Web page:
Now that an executive of a Glen Rock property management company has admitted his role in a $91.5 million loan fraud, questions remain about an "unnamed co-conspirator."
Barton Schack, 65, of Ringwood, told a federal judge in Newark this week that he helped the other participant fraudulently secure a massive commercial mortgage loan by lying about how many tenants were in a network of medical office buildings used as collateral and how much rent they’d paid, Acting U.S. Attorney Rachael A. Honig said.
The pair then pocketed millions of dollars in rent from the properties -- which was supposed to go to repaying the debt -- and spent much of it on themselves instead, the U.S. attorney said.
It wasn't long before they went bust.
Although she didn’t identify him by name, Honig saud the second man was the founder and CEO of both Sovereign Medical Services and Regent Medical Properties, both headquartered in the same Harristown Road building in Glen Rock.
That would be John H. Hajjar, of Cresskill, according to records, various online postings and those who know him personally.
Schack was Hajjar’s chief investment officer at Regent, which managed Sovereign’s network of “multi-specialty out-patient medical practices,” Honig said.
As she explained it: The individual borrowers of the $91.5 million were listed as “special purpose” entities in which Hajjar held majority ownership at the 13 Sovereign office buildings in New Jersey, New York and Florida.
This allowed the conspirators to “misrepresent the physical occupancy status of certain affiliated tenants and the Medical Properties’ true rental income” when applying for the loans, Honig said.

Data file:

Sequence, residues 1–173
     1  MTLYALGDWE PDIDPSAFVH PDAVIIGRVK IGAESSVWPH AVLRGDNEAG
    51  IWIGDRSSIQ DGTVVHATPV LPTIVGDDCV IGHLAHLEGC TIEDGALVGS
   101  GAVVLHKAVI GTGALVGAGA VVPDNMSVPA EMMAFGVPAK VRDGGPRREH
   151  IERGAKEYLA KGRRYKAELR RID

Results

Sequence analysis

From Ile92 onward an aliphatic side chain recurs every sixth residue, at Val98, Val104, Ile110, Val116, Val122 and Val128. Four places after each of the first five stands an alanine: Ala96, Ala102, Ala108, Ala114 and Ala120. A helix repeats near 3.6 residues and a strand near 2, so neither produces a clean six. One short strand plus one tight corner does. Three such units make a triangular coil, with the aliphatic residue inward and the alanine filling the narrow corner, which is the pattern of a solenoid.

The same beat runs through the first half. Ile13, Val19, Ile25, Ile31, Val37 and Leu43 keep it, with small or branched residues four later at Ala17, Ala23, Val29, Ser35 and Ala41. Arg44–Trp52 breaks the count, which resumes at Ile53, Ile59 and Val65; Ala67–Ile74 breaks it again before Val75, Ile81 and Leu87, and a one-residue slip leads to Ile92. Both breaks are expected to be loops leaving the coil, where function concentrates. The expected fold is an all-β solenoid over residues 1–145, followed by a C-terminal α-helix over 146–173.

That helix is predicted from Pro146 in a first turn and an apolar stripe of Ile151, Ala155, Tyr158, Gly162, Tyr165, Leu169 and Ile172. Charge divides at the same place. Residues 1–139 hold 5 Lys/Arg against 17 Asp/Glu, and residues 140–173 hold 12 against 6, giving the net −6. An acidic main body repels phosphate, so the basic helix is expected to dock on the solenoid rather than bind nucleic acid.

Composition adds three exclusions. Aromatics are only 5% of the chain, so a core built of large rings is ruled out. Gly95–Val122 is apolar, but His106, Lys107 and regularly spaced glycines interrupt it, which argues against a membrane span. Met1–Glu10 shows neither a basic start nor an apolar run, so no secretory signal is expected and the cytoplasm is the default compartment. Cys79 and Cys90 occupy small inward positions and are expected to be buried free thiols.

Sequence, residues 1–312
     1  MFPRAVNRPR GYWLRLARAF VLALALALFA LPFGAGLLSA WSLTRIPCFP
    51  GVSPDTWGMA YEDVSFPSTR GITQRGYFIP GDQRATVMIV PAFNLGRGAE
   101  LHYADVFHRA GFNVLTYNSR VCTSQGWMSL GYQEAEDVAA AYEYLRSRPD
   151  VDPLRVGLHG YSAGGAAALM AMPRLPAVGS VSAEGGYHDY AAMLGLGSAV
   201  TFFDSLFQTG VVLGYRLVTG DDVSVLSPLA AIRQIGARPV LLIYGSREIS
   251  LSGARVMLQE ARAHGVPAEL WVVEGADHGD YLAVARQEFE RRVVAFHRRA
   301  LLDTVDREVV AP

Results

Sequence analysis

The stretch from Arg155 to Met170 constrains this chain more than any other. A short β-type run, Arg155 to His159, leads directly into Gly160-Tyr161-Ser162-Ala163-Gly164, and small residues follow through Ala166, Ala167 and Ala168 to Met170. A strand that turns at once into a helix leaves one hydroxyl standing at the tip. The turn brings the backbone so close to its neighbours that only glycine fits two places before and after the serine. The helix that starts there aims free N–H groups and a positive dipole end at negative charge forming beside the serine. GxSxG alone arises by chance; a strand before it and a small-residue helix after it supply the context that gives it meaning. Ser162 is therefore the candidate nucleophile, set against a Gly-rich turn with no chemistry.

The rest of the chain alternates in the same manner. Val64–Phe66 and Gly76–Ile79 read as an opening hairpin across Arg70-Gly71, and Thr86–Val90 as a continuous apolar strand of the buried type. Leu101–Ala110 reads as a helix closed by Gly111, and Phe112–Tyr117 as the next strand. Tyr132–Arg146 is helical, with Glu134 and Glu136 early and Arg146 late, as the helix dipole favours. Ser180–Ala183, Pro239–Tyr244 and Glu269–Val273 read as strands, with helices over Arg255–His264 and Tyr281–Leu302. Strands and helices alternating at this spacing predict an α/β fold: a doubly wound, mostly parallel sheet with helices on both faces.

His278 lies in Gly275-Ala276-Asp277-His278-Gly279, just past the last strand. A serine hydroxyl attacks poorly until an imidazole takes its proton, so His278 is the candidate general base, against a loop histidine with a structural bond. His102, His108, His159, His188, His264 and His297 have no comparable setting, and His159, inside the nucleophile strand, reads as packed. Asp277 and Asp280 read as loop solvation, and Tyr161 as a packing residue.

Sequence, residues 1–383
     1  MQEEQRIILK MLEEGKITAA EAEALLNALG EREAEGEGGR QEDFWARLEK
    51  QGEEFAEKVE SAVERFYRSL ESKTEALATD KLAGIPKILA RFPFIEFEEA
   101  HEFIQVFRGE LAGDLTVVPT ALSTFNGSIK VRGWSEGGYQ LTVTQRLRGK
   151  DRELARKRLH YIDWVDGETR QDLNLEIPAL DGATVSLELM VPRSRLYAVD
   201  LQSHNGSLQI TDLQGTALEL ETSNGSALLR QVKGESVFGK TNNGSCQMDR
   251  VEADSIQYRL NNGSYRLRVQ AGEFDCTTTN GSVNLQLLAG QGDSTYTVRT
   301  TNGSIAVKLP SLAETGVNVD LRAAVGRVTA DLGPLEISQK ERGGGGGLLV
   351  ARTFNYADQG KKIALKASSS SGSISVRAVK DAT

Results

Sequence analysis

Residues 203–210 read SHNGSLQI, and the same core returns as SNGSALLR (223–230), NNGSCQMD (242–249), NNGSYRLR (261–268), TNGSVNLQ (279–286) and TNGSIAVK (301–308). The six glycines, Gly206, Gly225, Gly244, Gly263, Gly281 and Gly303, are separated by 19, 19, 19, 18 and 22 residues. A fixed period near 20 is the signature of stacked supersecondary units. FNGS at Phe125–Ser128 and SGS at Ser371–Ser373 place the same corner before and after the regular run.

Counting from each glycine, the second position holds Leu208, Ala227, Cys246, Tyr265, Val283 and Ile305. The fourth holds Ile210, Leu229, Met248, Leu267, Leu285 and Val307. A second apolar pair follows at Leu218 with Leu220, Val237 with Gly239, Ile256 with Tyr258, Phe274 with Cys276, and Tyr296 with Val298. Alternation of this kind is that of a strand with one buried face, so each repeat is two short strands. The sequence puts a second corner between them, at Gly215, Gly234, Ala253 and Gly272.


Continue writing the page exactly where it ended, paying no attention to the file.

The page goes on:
The pair avoided accelerated payment once they secured the loans by submitting bogus monthly financial statements that concealed the properties’ actual financial status, the U.S. attorney said.
Instead of putting rent money from the various medical office tenants to repay the debt, the men used it cover Regent operational costs and “personal credit card bills of up to approximately $80,000 per month and private jet payments,” among other uses, she said.
All told, the pair diverted millions, Honig said.
Within three years, they were 60 days behind on payments, she said.
In February 2020, Hajjar’s individual companies declared bankruptcy.
As of this weekend, her office hadn’t addressed the status of Hajjar, a philanthropist who was born in Syria and raised in Paterson.
Records show that Hajjar came to the U.S. with his family in 1968. He operated a urology practice before founding Sovereign, which boasted clinical expertise and state-of-the-art equipment.
Schack, a Rockland native, has a distinctive lineage.
His late father, Harvey H. Schack, of Spring Valley was a renowned artist, author, lecturer and business owner, as well as a special officer of the Mossad, a member of the Rockland County Anti-Terrorism Analytical Group and a founding member of Temple Beth El in Chappaqua, according to online reports.
Rather than go to trial in the bank fraud case, Schack took a deal from the government. He pleaded guilty to a single count of bank fraud conspiracy in exchange for leniency at a scheduled June 22 sentencing.
It wasn’t immediately known whether a “cooperating agreement” to testify against Hijjar was part of the pact.
Honig credited special agents of the FBI and IRS-Criminal Investigation with the investigation leading to Schack's plea, secured by Assistant U.S. Attorneys Andrew Macurdy and Shawn Barnes of her Criminal Division.
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